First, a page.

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Herbs for Mental and Emotional Wellbeing

Herbs for Mental and Emotional Wellbeing

The World Health Organisation (WHO) reports that mental health conditions are rising worldwide. Mainly due to demographic changes, and lifestyle changes there has been a 13% rise in mental health conditions and substance use disorders in the last decade (to 2017).  Around 20% of the world’s children and adolescents have a mental health condition, with suicide the second leading cause of death among 15-29-year-olds. Approximately one in five people in post-conflict settings have a mental health condition.

Mental health is a big issue and people suffering with mental ill health will often try every possible remedy to relieve their symptoms, and achieve calmness and relaxation. Among all the available choices, traditional herbal medicines and natural products such as essential oils have been proven to be very effective in improving mental wellbeing. The ready accessibility of these remedies over the counter and the fact that when used as advised, most people find they are safe and result in few side-effects, means they are widely used. Many people benefit from them, often in cases where conventional treatments have failed or caused intolerable side-effects.

As May is mental health awareness month, we at Nature’s laboratory would like to share with you the positive potential of the herbs we provide, to enhance overall emotional wellbeing.

Ocimum sanctum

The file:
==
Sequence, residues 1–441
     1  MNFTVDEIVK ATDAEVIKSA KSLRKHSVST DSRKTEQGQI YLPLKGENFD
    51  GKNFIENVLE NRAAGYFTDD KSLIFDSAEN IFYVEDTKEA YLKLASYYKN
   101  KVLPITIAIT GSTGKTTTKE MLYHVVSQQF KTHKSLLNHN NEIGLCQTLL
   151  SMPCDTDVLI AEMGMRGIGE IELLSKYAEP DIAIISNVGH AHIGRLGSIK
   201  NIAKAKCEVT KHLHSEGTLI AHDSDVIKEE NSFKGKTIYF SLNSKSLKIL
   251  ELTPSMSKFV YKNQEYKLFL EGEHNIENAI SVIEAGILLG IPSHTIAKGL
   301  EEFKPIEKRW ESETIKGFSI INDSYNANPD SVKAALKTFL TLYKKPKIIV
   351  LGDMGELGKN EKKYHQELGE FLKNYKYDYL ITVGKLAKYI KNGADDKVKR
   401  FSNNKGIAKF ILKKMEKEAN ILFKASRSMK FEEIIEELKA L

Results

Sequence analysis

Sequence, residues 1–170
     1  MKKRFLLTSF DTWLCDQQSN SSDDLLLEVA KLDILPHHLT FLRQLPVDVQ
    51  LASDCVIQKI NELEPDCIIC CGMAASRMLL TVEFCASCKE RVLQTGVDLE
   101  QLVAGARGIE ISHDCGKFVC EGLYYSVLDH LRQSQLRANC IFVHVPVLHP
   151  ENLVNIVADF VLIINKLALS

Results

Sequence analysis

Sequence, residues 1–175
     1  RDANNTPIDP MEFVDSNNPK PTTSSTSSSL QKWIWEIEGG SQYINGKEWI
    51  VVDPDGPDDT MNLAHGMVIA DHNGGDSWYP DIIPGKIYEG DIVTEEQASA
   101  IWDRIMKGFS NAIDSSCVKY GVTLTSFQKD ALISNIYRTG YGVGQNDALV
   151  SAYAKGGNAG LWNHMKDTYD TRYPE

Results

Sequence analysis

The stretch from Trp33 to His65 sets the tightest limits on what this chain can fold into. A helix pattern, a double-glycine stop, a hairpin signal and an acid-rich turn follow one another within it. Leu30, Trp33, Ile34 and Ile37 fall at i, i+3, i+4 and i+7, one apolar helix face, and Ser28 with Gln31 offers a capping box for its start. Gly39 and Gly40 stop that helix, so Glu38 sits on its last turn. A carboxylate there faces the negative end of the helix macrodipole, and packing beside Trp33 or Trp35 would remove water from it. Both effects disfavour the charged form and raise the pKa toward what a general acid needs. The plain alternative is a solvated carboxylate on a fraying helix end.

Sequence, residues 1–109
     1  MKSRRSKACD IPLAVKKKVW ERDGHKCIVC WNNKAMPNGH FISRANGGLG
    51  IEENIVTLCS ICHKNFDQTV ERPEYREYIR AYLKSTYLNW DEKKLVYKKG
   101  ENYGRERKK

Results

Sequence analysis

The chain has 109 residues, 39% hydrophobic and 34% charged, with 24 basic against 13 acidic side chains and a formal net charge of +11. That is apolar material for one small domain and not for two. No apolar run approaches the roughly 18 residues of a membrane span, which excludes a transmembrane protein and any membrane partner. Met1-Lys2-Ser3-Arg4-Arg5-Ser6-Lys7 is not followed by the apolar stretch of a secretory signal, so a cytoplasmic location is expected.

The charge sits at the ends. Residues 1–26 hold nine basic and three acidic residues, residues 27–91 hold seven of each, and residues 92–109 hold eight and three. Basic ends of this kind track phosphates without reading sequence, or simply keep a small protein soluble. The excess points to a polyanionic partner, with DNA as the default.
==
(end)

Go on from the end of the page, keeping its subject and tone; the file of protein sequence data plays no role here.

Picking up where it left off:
Tulsi, also known as holy basil, has been recognized as the elixir of life in Ayurveda. Tulsi has been proved to be an adaptogen which means that it is a herb that supports stress protection and returns your body to a state of homeostasis.  Modern scientific studies suggest that Tulsi is effective in treating a range of stressful conditions. Within Ayurveda, Tulsi is more commonly recommended as a preventive measure to enhance the ability to adapt to both psychological and physical stress and therefore prevent the development of stress-related diseases. Consistent consumption of Tulsi tea can be valuable, and with the regular practice of yoga, can be considered “adaptogenic” in terms of nurturing and nourishing the body, mind & spirit while fostering a sense of relaxation and wellbeing.


Hypericum perforatum L.

Also known as St. John’s Wort, has been used to treat mild to moderate depression for centuries. It has what is recognised as a thymoleptic action, which leads to in an improved sense of well-being, and it has a long tradition as a healing remedy in conditions such as melancholia, depression and exhaustion.  Phytoconstituents of H. perforatum have demonstrated a unique combined pharmacological effect, inhibiting the reuptake of several neurotransmitters in a non-competitive synergistic manner. Like other antidepressants, H. perforatum inhibits the reuptake of monoamine neurotransmitters (5-HT, noradrenaline, and dopamine), which increases the concentration of serotonin and other monoamines in the extracellular space in brain regions such as the hippocampus, thalamus, amygdala, and the prefrontal cortex. Upregulation of 5-HT in these areas reduces negative effects from impinging into memory processes, while upregulation of dopamine reduces background firing rate of neurons, thus decreasing non-task related activity. H. perforatum is also known for blocking the binding of gamma amino butyric acid (GABA), which results in decreased central nervous system inhibition. (Sci Rep 6, 35700 (2016).